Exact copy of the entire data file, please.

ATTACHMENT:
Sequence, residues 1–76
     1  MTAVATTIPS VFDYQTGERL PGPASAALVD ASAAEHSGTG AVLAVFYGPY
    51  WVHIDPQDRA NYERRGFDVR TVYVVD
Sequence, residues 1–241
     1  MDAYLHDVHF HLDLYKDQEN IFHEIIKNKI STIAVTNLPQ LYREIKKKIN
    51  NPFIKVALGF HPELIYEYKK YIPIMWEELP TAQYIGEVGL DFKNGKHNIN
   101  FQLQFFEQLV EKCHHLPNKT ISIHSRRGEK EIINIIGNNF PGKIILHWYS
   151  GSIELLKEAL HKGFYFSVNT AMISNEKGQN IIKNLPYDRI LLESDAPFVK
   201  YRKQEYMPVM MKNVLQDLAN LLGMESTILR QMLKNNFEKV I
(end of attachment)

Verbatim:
Sequence, residues 1–76
     1  MTAVATTIPS VFDYQTGERL PGPASAALVD ASAAEHSGTG AVLAVFYGPY
    51  WVHIDPQDRA NYERRGFDVR TVYVVD
Sequence, residues 1–241
     1  MDAYLHDVHF HLDLYKDQEN IFHEIIKNKI STIAVTNLPQ LYREIKKKIN
    51  NPFIKVALGF HPELIYEYKK YIPIMWEELP TAQYIGEVGL DFKNGKHNIN
   101  FQLQFFEQLV EKCHHLPNKT ISIHSRRGEK EIINIIGNNF PGKIILHWYS
   151  GSIELLKEAL HKGFYFSVNT AMISNEKGQN IIKNLPYDRI LLESDAPFVK
   201  YRKQEYMPVM MKNVLQDLAN LLGMESTILR QMLKNNFEKV I